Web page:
A new report on the quality of state-funded early childhood education shows that after a decade of progress that has expanded enrollments and increased quality, states' commitment to these vital programs is slipping.
Reflecting continuing fiscal pressures from the Great Recession, state funding for pre-K dropped by almost $60 million in 2010-11, according to the report, "The State of Preschool 2011," from the National Institute for Early Education Research. If not for federal economic stimulus funding, cuts in resources would have been even more devastating. Over the last decade, per-child state support for early education has dropped by as much as 15 percent.
"The overriding message of this report is that budget cuts are limiting enrollment or quality—or both—for early childhood education across the country," AFT president Randi Weingarten says. "This report correctly calls for increased public commitment to early education. Especially in difficult times, we must invest in the future. Our youngest children are the next generation of workers and citizens who will build that future. Research shows that every dollar invested in early education returns eight dollars in benefits to society and the individual students.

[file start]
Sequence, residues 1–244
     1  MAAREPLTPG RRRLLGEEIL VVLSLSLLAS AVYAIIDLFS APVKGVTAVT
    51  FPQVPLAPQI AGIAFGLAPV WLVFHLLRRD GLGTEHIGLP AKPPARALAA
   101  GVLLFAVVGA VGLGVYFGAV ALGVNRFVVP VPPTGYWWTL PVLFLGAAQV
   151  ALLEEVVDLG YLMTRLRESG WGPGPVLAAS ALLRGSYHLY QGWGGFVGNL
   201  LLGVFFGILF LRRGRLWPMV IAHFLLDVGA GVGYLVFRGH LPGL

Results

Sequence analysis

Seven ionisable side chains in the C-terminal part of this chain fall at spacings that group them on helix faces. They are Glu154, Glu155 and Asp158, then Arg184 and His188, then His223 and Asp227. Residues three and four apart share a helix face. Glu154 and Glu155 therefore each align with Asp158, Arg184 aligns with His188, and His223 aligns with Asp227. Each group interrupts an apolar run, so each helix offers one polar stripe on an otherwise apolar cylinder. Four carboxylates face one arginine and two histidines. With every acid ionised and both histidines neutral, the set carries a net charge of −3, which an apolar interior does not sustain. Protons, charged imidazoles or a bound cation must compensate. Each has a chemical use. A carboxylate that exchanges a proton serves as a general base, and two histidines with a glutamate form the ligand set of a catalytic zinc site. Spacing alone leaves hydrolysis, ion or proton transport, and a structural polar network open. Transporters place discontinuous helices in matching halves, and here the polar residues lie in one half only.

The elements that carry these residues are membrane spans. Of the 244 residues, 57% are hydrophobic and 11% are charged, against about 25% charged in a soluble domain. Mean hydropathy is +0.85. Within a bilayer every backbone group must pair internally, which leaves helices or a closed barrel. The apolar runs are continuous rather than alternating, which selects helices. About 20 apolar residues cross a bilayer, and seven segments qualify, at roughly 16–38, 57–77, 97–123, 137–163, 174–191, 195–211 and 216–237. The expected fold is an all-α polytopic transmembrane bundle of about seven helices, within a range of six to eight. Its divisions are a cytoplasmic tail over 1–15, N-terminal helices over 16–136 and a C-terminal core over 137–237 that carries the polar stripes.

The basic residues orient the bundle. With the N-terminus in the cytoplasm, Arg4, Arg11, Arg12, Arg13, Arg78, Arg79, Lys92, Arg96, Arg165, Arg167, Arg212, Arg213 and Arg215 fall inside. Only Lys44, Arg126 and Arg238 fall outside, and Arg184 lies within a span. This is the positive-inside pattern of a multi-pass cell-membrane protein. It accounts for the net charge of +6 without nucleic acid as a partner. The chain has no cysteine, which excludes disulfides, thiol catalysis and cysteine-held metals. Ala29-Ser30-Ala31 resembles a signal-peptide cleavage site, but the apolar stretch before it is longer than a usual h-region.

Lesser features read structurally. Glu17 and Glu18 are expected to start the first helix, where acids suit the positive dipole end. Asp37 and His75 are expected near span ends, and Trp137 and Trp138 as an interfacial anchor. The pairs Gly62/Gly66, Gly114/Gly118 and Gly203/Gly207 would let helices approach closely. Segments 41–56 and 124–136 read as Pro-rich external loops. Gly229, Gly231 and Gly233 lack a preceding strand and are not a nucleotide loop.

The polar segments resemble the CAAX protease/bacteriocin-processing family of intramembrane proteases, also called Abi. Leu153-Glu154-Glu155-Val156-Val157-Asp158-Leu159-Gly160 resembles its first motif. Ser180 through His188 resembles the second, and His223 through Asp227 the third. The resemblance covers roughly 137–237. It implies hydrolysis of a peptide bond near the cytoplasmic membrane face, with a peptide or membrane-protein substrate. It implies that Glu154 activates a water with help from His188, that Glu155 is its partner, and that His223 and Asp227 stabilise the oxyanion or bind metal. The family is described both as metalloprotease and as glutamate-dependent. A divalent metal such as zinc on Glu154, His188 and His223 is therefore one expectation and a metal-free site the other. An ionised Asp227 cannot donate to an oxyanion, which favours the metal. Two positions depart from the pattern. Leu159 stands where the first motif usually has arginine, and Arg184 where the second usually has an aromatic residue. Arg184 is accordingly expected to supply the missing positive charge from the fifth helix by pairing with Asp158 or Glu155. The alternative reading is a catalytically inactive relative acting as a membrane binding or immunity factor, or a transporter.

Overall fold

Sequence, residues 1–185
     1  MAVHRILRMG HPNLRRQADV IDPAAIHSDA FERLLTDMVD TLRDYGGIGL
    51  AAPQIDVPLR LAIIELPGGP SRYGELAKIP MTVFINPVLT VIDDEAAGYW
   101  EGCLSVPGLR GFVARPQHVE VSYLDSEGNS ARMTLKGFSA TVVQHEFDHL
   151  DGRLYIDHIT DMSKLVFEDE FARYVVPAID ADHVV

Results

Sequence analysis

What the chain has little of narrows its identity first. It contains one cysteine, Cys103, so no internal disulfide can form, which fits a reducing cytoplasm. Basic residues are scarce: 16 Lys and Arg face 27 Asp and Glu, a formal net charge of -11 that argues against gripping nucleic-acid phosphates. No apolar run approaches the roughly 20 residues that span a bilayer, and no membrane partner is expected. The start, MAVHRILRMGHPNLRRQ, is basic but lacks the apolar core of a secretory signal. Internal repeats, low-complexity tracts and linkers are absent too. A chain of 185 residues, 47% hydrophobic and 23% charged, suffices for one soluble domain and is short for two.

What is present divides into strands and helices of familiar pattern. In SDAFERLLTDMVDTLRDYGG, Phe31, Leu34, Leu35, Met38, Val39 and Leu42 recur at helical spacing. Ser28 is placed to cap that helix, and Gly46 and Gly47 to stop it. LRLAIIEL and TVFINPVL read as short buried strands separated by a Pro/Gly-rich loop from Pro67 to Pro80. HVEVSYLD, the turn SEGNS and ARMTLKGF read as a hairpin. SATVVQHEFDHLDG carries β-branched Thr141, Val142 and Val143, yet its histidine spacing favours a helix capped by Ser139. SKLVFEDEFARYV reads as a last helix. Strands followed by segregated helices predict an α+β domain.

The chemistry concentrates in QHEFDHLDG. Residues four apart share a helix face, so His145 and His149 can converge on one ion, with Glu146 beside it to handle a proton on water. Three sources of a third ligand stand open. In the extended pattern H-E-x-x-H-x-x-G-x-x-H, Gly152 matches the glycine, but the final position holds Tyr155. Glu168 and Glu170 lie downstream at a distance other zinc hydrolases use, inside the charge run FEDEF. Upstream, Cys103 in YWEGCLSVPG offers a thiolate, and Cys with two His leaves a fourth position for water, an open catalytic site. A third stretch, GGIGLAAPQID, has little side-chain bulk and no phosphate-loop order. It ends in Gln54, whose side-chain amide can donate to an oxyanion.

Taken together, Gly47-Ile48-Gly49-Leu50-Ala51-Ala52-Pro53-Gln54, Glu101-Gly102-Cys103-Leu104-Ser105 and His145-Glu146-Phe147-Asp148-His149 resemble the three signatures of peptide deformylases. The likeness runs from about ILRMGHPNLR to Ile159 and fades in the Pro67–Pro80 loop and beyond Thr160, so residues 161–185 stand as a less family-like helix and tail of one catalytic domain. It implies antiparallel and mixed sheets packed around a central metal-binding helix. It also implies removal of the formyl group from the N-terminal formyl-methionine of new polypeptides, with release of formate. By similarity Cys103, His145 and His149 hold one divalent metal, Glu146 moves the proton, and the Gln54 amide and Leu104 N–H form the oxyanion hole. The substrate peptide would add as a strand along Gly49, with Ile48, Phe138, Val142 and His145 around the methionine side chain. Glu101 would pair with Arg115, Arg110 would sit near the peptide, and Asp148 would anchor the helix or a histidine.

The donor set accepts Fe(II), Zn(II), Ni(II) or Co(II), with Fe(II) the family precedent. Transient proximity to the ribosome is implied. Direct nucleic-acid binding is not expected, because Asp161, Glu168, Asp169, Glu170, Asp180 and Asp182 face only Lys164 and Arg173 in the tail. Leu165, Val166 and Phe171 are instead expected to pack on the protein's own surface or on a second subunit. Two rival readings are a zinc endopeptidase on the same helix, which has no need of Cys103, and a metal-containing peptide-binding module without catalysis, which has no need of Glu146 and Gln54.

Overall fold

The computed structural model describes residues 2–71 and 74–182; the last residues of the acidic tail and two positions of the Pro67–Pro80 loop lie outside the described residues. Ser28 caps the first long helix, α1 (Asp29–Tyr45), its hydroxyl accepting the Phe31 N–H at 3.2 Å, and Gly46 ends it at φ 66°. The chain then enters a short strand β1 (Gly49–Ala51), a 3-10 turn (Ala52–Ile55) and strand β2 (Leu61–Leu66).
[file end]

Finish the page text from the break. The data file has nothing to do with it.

"There is no question about the benefits of high-quality early education. Years of research have shown that kids in these programs do better in school and ultimately are better prepared to succeed in their studies, in their community and in the new global information economy. Additionally, the AFT's recent report, "Right From the Start," highlights several programs around the country that, through community partnerships and family engagement have had great success helping young children make the transition to school." [AFT press release]
April 10, 2012